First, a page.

Data were collected using a standardised questionnaire adapted from WHO surveys and other nationwide prevalence studies.
Gender, age, ethnicity, marital status, educational level, occupation and socioeconomic status were recorded.
Details of patterns of betel-quid, alcohol and tobacco use comprised types consumed, age at initial use, daily consumption, use frequency, years of substance use and achievement of abstinence.
Dependency domains and determination
Eight domains derived from module E (substance use disorders) of the Structured Clinical Interview for DSM-IV Axis I Disorders and from the Schedules for Clinical Assessment in Neuropsychiatry were used to measure DSM-IV and ICD-10 dependence.18,19 These domains were:
larger intake (betel-quid is chewed in larger amounts or for longer periods than intended);
unsuccessful cut-down (unsuccessful efforts to reduce or control betel-quid use);
time spent chewing (spending large amounts of time obtaining betel-quid or chewing it);
given up activities (reduction in important social, occupational or recreational activities because of betel-quid use);
continued despite problems (continued betel-quid chewing despite awareness of physical or psychological problems caused by this habit);
craving (a strong desire or sense of compulsion to chew betel-quid).
Betel-quid chewers were defined as people who had consumed at least one quid of any type of betel or areca nut product per day for a minimum of 6 months. Among them, a positive diagnosis of DSM-IV dependency required three or more of domains (a) to (g) presented in the 12-month period preceding our interview. A positive diagnosis of ICD-10 dependency required at least three of domains (a) to (c), (e) and (g) or (h) presented in the past 12 months. Participants who met either DSM-IV or ICD-10 diagnostic criteria were defined as those experiencing any betel-quid dependency.
Seven features of environmental accessibility, including easy availability, low cost, ready-made packaging, attractive packaging, aggressive marketing, advertisements for betel-quid and misleading advertisements, as well as three preventive activities (betel-quid-related bans, statutory warnings and health education awareness programmes) were measured (online Table DS2).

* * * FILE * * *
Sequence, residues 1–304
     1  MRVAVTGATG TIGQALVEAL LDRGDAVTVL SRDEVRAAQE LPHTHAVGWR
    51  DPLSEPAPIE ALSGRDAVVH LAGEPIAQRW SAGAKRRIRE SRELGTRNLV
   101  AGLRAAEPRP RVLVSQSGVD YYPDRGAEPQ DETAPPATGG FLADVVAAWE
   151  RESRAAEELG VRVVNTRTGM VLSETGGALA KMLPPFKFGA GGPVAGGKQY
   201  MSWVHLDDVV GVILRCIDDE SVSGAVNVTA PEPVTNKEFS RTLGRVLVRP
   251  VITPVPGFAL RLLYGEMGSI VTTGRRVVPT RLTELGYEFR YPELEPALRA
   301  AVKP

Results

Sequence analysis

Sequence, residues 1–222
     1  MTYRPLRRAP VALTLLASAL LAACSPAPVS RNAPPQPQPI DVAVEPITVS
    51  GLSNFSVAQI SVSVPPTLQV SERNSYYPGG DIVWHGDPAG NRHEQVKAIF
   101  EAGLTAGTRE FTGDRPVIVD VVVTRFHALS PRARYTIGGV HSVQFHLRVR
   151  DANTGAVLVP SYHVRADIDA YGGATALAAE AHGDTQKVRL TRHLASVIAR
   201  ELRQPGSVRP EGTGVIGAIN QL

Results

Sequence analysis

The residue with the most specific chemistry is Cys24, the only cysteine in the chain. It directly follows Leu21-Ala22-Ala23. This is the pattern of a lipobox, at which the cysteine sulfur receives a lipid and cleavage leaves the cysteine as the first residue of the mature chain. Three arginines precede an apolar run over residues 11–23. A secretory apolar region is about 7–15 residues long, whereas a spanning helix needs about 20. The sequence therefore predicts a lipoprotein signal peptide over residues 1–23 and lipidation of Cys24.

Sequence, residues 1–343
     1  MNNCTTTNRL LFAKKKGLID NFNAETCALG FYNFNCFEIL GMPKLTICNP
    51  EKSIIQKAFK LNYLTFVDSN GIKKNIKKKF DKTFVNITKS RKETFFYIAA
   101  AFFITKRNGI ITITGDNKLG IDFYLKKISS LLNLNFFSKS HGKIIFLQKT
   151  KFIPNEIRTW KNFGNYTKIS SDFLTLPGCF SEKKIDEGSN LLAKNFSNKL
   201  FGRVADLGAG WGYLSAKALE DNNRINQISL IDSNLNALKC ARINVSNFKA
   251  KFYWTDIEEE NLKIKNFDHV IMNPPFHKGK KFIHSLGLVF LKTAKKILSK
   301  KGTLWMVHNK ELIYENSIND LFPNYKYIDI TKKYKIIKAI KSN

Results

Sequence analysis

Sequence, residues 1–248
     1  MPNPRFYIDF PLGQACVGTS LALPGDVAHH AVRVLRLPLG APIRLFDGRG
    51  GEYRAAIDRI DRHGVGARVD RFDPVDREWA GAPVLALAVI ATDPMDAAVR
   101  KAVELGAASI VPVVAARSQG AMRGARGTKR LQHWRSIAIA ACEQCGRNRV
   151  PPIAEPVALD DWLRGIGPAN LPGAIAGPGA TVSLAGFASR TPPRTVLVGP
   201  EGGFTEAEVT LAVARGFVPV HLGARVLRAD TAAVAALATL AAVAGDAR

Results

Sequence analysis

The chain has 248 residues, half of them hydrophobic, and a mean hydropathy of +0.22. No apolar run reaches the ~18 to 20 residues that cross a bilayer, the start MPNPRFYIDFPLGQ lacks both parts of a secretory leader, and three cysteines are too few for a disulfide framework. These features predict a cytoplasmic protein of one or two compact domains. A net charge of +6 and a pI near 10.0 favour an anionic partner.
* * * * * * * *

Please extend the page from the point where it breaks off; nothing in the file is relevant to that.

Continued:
The questionnaire was written first in English and translated into the appropriate language or dialect for each study population. The questionnaires were back-translated into English to verify their validity. A principal investigator at each study centre organised a team of dentists and dental hygienists, medical officers, interviewers and data-recording clerks. Under the direction of the team’s principal investigator, interviewers completed a training programme designed for data collection prior to conducting face-to-face interviews. Using portable dental lights for illumination and plane dental mirrors for soft tissue retraction, dental professionals who had completed standardised training for diagnosing OPMD performed oral cavity examinations. The location and symptoms of oral lesions were carefully inspected based on WHO clinical criteria.20
The data were first prepared by calculating complex sampling weights. Stata version 11 (for Windows) survey data statistical procedures were then implemented to accommodate the complex sampling design. Analyses were performed in three stages. First, point estimates for the prevalence rates, means and percentages regarding betel-quid dependency status from each study area were calculated. Second, polytomous logistic regression models were applied to weighted data in evaluations of the influence of demographic factors and betel-quid usage features on non-dependent and dependent chewing. This type of logistic regression model enables simultaneous comparisons of a categorical dependent outcome with more than two levels. Finally, a binary logistic regression was used to model the effects of non-dependent and dependent chewing on the presence of oral lichen planus, oral submucous fibrosis, oralleukoplakia andOPMD. Theadjustedoddsratiosof contracting OPMD associated with the DSM-IV and ICD-10 symptom count (measured in numbers of those satisfying DSM-IV and ICD-10 dependence domains) were calculated using area-combined data. Furthermore, we employed principal component analysis and biplot to illustrate the relationship between betel-quid dependency domains and six Asian populations.
Selected sociodemographic characteristics of the sample are shown in Table DS1. Differences in age and gender distributions existed across the study areas. Taiwanese, mainland Chinese and Sri Lankan participants had higher education levels. These divergences were accounted for during interpopulation comparisons.
Prevalences of betel-quid dependency and dependence symptoms